Marcus Wong says that without hockey during the COVID-19 pandemic, he was bored to lose his mind.
The 10-year-old and his brother Matthew, 12, have each been on the ice since they were around four years old and have discovered that their teammates and coaches have become like family.
This is something their father, Richard Wong, also felt.
âHockey has given my family so much,â he said.
Wong says he’s always been a huge hockey fan, but it wasn’t something his parents wanted to sign him up for.
“My parents were immigrants and had different priorities, trying to get food on the table.”
He says he’s grateful that he was able to give his sons the opportunity to experience it – and the Ontario Minor Hockey Association (OMHA) hopes to see more families feeling that way.
The OMHA, which represents 225 minor hockey associations across the province, this week launched a campaign called ‘Stronger,’ with the aim of increasing enrollment in sport. The association says hockey registrations have stagnated over the past five years due to several factors, including costs, which the OMHA is trying to address.
The campaign also highlights the mental health impact of losing organized sports on children during the pandemic and the benefits of being part of the hockey community. People who advocate making play more inclusive say it’s a good opportunity to tackle obstacles that can make play difficult for children.
In a statement, the OMHA said she realizes that she can no longer take it for granted that people are just going to show up for hockey, as they have in the past, if she wants the hockey remains one of the most popular sports in Canada – especially after a pandemic.
âWe’ve never had to market the game to children in Ontario before, but we recognize that it’s no longer a given that kids are going to play hockey,â said Ian Taylor, CEO of the OMHA.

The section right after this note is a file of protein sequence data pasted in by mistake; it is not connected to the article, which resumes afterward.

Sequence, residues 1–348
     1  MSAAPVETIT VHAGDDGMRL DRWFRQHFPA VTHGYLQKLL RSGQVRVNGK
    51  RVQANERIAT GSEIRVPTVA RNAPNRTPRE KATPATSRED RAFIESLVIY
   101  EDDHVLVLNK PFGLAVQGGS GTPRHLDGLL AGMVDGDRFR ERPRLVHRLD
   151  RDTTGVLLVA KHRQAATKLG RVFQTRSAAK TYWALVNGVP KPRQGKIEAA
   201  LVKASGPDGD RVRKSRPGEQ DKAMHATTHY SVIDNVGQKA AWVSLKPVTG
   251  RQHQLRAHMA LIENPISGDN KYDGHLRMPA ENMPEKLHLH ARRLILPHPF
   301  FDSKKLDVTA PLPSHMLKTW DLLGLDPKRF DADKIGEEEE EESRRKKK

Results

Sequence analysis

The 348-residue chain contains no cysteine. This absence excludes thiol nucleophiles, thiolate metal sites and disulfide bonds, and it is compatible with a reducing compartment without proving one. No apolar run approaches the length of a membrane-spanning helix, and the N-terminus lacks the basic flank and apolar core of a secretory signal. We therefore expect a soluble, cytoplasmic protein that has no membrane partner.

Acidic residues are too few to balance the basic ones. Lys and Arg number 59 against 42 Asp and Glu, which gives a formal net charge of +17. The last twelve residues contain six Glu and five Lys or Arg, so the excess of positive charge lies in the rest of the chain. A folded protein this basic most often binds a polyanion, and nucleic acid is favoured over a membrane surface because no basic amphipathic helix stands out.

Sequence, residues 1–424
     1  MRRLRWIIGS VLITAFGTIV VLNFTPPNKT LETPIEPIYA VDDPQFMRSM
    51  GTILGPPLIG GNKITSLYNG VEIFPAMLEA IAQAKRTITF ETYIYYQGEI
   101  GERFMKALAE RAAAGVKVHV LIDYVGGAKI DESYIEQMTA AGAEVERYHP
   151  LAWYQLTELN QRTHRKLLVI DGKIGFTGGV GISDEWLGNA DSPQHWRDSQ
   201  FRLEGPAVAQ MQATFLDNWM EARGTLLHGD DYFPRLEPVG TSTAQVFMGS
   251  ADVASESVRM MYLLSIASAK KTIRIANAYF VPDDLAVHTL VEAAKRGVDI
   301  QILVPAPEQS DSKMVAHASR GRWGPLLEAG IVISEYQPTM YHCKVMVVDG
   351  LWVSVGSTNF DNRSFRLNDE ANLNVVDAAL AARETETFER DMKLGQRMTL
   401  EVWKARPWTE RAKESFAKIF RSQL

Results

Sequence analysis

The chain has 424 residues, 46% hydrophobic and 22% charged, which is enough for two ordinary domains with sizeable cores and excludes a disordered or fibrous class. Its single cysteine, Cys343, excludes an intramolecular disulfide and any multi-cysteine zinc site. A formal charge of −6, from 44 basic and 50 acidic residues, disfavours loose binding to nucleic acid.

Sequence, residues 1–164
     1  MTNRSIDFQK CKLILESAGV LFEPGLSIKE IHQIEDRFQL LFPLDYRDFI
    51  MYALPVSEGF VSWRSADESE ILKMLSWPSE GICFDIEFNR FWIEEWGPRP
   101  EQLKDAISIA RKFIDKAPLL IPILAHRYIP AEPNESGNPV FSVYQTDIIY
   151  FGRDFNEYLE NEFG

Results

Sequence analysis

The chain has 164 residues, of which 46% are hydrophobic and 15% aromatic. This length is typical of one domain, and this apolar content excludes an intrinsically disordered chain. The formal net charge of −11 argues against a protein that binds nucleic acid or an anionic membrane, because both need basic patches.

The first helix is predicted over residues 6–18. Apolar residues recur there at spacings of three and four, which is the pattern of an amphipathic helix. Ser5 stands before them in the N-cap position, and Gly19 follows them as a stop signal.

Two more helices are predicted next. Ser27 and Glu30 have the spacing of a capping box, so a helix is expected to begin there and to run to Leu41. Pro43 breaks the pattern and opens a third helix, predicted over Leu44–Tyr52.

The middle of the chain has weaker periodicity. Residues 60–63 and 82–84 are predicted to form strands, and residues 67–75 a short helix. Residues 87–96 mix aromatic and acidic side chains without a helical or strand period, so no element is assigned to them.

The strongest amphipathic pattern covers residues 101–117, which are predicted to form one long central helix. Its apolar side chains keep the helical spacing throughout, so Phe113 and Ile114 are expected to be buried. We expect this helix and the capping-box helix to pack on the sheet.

Taylor said many minor hockey associations offer ways to help young people get into the game, including the ability to play once a week and provide equipment for families in need of financial assistance. .
WATCH | CBC’s Talia Ricci reports on the Ontario Minor Hockey Association’s new campaign:
âWe are also trying to reduce costs through testing programs,â Taylor added.
This involves giving players the opportunity to try the sport for six weeks before fully committing the time and money. He says outside of the sport itself, he wants parents to consider the mental health benefits of physical activity and feel like part of a team.
“Hockey is a game for everyone and it’s something we want to communicate.”
Building bridges in diverse communities
Moezine Hasham is the CEO and Founder of Hockey 4 Youth, a charity that offers new young Canadians the opportunity to play ice hockey for free. Hasham said he was interested to see the results of the campaign.
âAnytime a sports organization is ready to raise awareness and start a movement, I think it’s important,â he said. But as someone who has helped young people from 32 different countries play the sport, he said, he also understands how difficult it can be.
âBeyond financial barriers, there could be cultural barriers, gender barriers, transportation and accessibility barriers,â he said.
Hockey 4 Youth takes players out on the ice once a week for about five months and teaches them how to skate and play. It started in 2015 as a pilot program and has since expanded to several programs in different cities.
“What we are doing is using sport to promote social inclusion,” Hasham said, adding that this involves going to high schools and talking to children, among other measures, which he hopes to see. also be reflected in minor hockey.
The OMHA said registration is happening now and the plan is for hockey to start again when the kids return to school in September.
Matthew said he was looking forward to it.
“I think what I look forward to the most is to see my friends again.”